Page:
Capital improvements continue in Henry County, Ga.

Construction progress continues on a number of capital improvements at the Henry County Water & Sewerage Authority (HCWSA).

Feb 19th, 2003

Walnut Creek project features new wastewater treatment plant, sewer line and more

McDonough, Ga., Feb. 19, 2003 -- Construction progress continues on a number of capital improvements at the Henry County Water & Sewerage Authority (HCWSA). Capital improvements on the sewer side of operations dominate the HCWSA construction schedule right now, but with the permit for the new Tussahaw Reservoir in hand, drinking water production and distribution are also about to receive a much-needed boost.

Progress on the Walnut Creek Interceptor (sewer line), Water Reclamation Plant (for treatment of wastewater), and Land Application System (LAS) continue at a brisk pace. Tunneling at three locations along the path of the sewer line -under Highway 20, Highway 155, and Airline Road -has been completed. In addition, at the plant site, the exteriors are complete, with plumbing and electrical work soon to follow, for the administration, electrical, maintenance and blower buildings.

The Walnut Creek Interceptor is being labeled the "backbone of the sewerage system for Henry County," by John Dean of ARCADIS, the Authority's engineering firm that is overseeing this construction. Consultants from ARCADIS have also submitted preliminary site work and design for the Cotton Indian Creek Interceptor as well.

In addition, capital improvements on another sewer system project are making progress thanks to engineers from Stantec. HCWSA contractors have completed all of the clearing for a 24" gravity sewer line that is being constructed along Indian Creek, to provide much needed sewer collection services to customers in this basin. Crews are taking extra precautions to protect the stream and buffer along Indian Creek while working on this line.

"The sewer lines will really be a boost for our customers in these basins, as we try to stay ahead of the demand curve for services in Henry County," says Lindy Farmer, general manger of the HCWSA. "We are also taking every precaution to preserve and protect the natural resources along Walnut and Indian Creeks, as we progress with these two major construction projects."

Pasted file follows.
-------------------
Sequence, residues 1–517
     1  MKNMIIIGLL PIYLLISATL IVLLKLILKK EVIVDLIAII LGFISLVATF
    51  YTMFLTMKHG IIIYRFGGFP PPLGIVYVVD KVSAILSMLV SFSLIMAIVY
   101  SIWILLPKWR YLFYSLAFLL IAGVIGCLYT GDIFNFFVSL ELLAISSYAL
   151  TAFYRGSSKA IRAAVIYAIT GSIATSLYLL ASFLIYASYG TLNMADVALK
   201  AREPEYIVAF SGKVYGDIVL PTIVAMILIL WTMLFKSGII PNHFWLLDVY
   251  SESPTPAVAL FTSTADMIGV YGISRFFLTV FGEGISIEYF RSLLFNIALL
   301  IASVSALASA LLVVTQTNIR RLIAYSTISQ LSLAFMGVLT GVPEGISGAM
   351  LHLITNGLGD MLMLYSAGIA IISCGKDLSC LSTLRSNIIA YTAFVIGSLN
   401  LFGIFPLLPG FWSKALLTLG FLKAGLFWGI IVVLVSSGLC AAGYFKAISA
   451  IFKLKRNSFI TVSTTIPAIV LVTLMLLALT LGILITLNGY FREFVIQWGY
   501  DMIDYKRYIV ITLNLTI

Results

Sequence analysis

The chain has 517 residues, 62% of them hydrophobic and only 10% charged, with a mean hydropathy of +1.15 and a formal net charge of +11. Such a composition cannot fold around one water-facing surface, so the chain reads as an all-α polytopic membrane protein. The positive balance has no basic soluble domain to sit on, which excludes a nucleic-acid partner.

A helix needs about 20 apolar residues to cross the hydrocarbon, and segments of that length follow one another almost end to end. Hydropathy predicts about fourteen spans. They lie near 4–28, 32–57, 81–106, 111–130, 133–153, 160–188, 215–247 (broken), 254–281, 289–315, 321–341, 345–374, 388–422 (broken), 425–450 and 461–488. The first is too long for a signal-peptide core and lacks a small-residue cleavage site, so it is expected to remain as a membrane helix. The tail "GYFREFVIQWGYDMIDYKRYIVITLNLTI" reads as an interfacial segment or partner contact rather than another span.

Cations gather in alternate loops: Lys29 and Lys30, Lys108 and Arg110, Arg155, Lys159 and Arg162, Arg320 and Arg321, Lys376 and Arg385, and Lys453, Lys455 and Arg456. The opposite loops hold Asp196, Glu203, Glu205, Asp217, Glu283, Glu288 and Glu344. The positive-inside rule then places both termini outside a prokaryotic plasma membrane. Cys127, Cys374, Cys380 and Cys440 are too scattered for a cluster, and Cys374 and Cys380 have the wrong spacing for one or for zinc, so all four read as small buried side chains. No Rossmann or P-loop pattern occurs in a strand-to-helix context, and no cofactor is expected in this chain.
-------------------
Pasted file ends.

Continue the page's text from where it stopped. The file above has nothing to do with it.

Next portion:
Stantec consultants are just as busy assisting the Authority with upgrades and expansion of its drinking water production and distribution facilities. The engineering firm is making progress on the design and construction of the new 13 million gallon per day (mgd) Tussahaw Water Production Facility, which will be capable of expanding to 26 mgd capacity in the future. The Surface Water Withdrawal Permit for Tussahaw has been posted for public review, and the plans were submitted to EPD for final review shortly thereafter. The target date for getting bids on the construction of the plant is set for early spring.

The Tussahaw Reservoir will be a 1,466-acre raw water storage lake whose construction will involve wetland mitigation (preserving and replacing impacted wetlands), a main dam, three saddle dams, and a five-cycle labyrinth weir secondary spillway. The Georgia Safe Dams Program has already reviewed and commented on final plans for the Authority's dam on Tussahaw Creek, and the bid process on the construction of the dam began earlier this month. Several pre-qualified contractors are showing interest in the Tussahaw Project, according to Skip Lay ton, project manager with Stantec, who provided a construction update at the most recent HCWSA board meeting.

Finally, the 1 million gallon elevated storage tank and 2 million gallon pump station in Hampton are all but complete. The tank is assembled and painted, with the HCWSA logo still to come. Residents around Hampton should begin to see the direct value of the new pump station once it becomes operational in a few months. It will provide added water pressure for customers in this area by 35 PSI (pounds per square inch).

Providing an early "thumbs up" to the Hampton elevated storage tank and pump station were Boy Scouts from Pack 163, Webelos ll-Den 2 of the Tussahaw District, who toured the site recently while working on their "engineering" merit badge.

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